This week’s podcast features a conversation with Kayleigh P., founder of Freethinkers of Alcoholics Anonymous Ireland. I think you will enjoy this conversation and be inspired by Kayleigh’s enthusiasm and love for AA. After speaking with her, I became interested in learning more about AA in Ireland, which led me to the story of Conor Flynn, the man who first brought AA to the country. As I read about Conor, I thought about Kayleigh, and it seemed appropriate to include a small portion of his story here to make this a tale of two founders.
Alcoholics Anonymous in Ireland: A Founder’s Story
In 1943, Conor Flynn, an Irish immigrant from Roscommon in the west of Ireland, joined AA in Philadelphia, and after three years of sobriety, he was anxious to bring Alcoholics Anonymous to his mother country. This turned out to be a more difficult task than perhaps he imagined. It seemed he was met with roadblocks at every turn. Some even suggested there were no alcoholics in southern Ireland, that he might have better luck finding prospects in Northern Ireland.
Feeling deflated, Conor was ready to give up on the entire idea when he met a woman by the name of Eva Jennings at the hotel where he was staying in Dublin. Over breakfast, he told her of his various struggles with trying to start an AA meeting in Ireland. Eva was sympathetic to Conor’s plight and gave him the name of a doctor she knew who might know of an alcoholic with whom Conor could talk.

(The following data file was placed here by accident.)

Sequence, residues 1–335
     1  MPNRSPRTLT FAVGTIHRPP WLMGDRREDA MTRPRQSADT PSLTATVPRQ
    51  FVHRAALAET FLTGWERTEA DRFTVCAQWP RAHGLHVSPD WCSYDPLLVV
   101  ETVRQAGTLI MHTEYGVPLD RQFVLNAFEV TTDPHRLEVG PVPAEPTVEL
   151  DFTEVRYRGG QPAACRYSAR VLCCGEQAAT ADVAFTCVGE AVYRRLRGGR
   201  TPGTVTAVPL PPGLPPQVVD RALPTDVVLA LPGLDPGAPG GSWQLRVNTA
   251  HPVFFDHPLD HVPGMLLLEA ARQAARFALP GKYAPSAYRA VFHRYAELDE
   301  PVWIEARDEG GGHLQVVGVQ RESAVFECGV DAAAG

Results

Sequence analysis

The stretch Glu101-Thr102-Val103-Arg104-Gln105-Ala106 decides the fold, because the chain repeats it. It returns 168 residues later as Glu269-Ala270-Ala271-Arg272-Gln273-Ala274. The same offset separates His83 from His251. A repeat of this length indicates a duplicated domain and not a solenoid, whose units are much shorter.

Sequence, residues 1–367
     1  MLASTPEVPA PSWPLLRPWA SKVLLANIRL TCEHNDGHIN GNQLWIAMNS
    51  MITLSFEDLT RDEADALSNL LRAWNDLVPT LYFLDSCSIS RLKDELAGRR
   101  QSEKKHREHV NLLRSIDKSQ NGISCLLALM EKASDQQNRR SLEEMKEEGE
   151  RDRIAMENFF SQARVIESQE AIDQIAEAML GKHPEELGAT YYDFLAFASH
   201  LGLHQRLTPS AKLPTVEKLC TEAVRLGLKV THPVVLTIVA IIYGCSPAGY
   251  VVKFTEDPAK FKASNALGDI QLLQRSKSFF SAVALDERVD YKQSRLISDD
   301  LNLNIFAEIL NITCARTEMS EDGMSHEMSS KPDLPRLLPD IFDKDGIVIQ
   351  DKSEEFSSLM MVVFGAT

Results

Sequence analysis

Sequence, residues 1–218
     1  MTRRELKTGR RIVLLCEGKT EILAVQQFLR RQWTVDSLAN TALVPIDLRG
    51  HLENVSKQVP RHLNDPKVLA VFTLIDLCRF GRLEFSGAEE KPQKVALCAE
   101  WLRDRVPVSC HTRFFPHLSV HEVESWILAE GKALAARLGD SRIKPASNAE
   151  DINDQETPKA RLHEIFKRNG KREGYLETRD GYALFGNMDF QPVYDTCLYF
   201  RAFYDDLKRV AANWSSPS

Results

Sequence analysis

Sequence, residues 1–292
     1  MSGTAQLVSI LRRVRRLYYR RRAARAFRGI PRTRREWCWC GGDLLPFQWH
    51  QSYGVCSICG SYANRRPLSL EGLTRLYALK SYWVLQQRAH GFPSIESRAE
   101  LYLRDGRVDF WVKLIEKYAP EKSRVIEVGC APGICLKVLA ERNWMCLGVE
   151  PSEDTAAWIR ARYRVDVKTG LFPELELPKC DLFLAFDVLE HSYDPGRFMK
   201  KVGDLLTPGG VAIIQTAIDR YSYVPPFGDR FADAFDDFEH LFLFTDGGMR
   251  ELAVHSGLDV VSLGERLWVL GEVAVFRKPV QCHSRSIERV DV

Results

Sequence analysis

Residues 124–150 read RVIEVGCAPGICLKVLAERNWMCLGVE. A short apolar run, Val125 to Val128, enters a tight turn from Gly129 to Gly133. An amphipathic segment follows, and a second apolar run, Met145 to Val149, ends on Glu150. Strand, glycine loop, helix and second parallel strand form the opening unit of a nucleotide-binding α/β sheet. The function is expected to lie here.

The doctor introduced him to Richard P., from County Down in Northern Ireland, and together the two men founded the first AA meeting in Ireland; in fact, it was the first AA meeting in all of Europe.
They both stayed sober for the remainder of their lives, and Alcoholics Anonymous meetings have been occurring in Ireland since the founding of that first group in Dublin on November 18, 1947. Today there are approximately 850 AA groups in Ireland with an estimated membership of 12,000. (Alcoholics Anonymous Ireland)
Freethinkers of Alcoholics Anonymous Ireland: A Founder’s Story
Kayleigh P.’s drinking crept up on her seemingly out of nowhere. It was a problem long before she knew it was a problem. This is her story.
As a young girl, Kayleigh was diagnosed with rheumatoid arthritis, a painful disease that for periods of time made it impossible for her to walk. But it was more than physical pain that she endured, there was also emotional damage as the disease eroded her self-esteem. After a decade of treatments that never worked, she had had enough. Frustrated, she convinced herself that she no longer had the disease; and she began to self-medicate with drugs and alcohol.
For a time, Kayleigh was a functional alcoholic, seemingly holding everything together. She learned to use drugs whenever she was in pain, and soon she relied on both drugs and alcohol to help her switch off her brain. She needed the ability to just shut down.